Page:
Ah, the road to digital transformation. Cruising down the information superhighway with the top down, wind whipping through your hair, and nothing but open roads and music blaring as you make your way to that coveted destination. 

I’m sure that’s your exact experience leading and implementing digital transformation projects at your health care organization, right? 

If your experience has felt more like a journey of endless winding roads rather than getting to a destination, you’re not alone. Whether you’re part of a large team or a department of one, digital transformation is an ongoing process. During our Campfire Chat, we checked in with our colleagues at Scripps Health and Johns Hopkins Medicine to find out what’s on their To Do List, and what data puzzles they’re solving these days as they advance their transformation initiatives. 


The fundamental business of health care hasn’t changed since its inception: caring for people who are sick or need medical care. How we deliver that care has, of course, evolved. Same goes for our digital transformation efforts. Most of us are still addressing the same issues and opportunities we’ve been addressing throughout our careers:

  • Driving patients to seek care solutions
  • Filling lines of business and service lines that have capacity and can support new patient acquisition
  • Growing brand affinity

How we’re addressing these perennial challenges is evolving, though. Digital transformation projects are increasingly addressing opportunities such as:

  • Improving and enhancing patient experience
  • Identifying the nuances and needs of diverse patient populations
  • Connecting data points
  • Structuring and streamlining patient pathways to care solutions

During our webinar, Therese addressed that it’s not just the technology that is part of the transformational change—cultural transformation within our organizations is trending, too.  

Those of us who have worked in health care—especially larger organizations—know the challenges of working in silos: departments working independently to problem-solve. Yet, if there’s a silver lining in this time of COVID-19, it’s that health care organizations have removed those unnecessary barriers, allowing different departments to work more collaboratively on shared goals and desired outcomes.

Christina shared how beneficial it’s been for her and her marketing colleagues to work directly with clinical leaders and IT counterparts on shared goals such as improved patient experience: from online appointment scheduling to patient care communications.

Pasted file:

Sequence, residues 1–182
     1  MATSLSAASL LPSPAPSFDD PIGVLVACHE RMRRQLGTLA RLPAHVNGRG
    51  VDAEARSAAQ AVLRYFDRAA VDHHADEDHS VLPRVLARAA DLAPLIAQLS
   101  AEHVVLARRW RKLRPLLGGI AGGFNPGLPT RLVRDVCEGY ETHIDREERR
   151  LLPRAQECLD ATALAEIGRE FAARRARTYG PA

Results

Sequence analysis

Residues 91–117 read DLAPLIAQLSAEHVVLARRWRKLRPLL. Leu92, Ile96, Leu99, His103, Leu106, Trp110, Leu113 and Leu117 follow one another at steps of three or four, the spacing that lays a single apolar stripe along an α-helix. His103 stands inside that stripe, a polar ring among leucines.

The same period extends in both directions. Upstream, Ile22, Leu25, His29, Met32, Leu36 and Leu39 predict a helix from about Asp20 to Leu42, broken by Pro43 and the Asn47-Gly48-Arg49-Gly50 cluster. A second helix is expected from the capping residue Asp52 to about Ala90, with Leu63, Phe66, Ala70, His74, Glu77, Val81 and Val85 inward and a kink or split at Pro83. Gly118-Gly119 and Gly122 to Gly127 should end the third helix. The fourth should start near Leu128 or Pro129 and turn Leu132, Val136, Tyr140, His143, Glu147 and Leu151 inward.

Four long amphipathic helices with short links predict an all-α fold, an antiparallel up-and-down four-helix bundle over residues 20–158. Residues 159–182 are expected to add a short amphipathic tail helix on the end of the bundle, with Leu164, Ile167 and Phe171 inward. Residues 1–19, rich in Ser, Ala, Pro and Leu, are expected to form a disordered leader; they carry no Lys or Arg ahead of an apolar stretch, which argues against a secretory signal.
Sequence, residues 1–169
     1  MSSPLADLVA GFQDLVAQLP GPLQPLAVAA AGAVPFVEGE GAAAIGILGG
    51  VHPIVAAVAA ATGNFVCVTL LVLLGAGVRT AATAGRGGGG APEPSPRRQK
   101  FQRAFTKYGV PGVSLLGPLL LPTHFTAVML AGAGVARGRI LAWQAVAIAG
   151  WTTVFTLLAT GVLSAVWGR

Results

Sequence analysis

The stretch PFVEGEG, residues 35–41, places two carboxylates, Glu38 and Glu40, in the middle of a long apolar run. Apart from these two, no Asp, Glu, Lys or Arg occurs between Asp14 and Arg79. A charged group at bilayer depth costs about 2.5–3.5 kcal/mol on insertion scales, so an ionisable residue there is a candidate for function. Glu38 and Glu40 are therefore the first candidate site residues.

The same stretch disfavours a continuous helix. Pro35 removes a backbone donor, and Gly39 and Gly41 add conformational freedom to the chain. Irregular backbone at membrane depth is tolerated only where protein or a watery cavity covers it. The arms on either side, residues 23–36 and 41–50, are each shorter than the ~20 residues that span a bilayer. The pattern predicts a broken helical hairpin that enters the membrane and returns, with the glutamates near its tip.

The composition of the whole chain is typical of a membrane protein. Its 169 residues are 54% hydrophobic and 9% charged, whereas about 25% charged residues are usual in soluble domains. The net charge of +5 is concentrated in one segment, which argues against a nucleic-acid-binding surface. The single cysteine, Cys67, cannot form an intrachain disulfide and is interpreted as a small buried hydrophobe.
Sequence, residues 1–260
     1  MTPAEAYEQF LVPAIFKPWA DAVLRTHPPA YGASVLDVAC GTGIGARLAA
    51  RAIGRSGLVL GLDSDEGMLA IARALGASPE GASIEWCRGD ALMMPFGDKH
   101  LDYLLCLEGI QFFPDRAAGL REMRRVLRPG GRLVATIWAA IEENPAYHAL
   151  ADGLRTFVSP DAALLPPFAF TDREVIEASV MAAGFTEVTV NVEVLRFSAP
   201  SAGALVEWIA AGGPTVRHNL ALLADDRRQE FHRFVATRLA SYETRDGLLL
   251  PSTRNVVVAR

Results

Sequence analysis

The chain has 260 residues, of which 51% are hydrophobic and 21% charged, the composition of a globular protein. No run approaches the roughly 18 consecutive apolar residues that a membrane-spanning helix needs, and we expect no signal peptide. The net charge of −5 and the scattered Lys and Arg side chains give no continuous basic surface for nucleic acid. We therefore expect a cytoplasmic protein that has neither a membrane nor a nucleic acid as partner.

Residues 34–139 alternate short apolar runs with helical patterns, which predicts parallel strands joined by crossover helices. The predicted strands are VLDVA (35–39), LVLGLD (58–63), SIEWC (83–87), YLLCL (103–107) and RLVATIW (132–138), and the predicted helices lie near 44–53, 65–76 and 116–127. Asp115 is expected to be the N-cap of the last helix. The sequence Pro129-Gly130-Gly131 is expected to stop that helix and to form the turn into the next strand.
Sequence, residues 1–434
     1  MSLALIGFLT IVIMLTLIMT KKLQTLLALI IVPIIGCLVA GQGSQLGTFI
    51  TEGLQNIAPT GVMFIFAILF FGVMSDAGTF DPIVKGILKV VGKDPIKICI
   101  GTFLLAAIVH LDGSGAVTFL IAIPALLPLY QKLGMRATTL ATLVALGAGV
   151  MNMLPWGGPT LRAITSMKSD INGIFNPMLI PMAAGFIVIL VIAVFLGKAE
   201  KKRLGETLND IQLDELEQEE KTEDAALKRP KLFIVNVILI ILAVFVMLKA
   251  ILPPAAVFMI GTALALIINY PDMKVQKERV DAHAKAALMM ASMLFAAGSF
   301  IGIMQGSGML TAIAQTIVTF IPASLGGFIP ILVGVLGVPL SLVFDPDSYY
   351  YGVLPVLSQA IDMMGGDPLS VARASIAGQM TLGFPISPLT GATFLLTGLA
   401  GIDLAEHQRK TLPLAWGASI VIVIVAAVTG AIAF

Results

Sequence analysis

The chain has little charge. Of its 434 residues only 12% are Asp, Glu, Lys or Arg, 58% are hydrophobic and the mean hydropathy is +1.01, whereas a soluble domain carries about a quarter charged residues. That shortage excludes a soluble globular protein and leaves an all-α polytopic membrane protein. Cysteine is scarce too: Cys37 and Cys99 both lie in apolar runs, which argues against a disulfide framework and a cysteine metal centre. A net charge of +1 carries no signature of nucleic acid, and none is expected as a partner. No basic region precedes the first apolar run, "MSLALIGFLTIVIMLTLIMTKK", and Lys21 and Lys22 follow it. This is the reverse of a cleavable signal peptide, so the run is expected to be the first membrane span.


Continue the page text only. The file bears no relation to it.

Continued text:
Which brings us to Chimeras.

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What is a “Chimera,” you ask?

It’s a mythological creature that has a lion’s head, a goat’s body, and a serpent’s tail … and according to Christina, it’s what we need more of in digital marketing. 

The thinking is, our digital transformation efforts today blur the lines between traditional marketing, IT, and clinical practice. Take patient experience, for example. On one hand, digital marketing can help drive prospective patient engagement and demand for a service line or product line. But what happens next? Well, that’s often the role of IT to develop the infrastructure necessary to support online appointment functionality. But what happens after that prospective patient books an appointment? Then it’s up to the clinical leader to ensure that the patient has a great experience. The old model had each of these three departments functioning almost independently: marketing did its thing, IT did its thing, and clinical teams did their thing. 

But working independently can quickly lead to gaps in the patient experience. 

Digital transformation in health care is rooted in the intersectionality of all these disciplines, and finding better ways to engage and create better experiences for patients and customers alike. 

That’s why you need Chimeras: people who understand the needs, perspectives, and even the language of different departments and functions. As Christina said, “We used to dismiss people who were ‘Jacks of all trades, but master of none,’ but now we’re realizing there is great value in generalists … and people who can communicate, project-manage and collaborate with colleagues with different backgrounds.”

Health care consumers have high expectations of their experiences with brands. They’re used to Amazon, Apple and other tech giants creating great online experiences. Digital transformation is quite often the process of seeking to enable technology to deliver outstanding experiences for patients.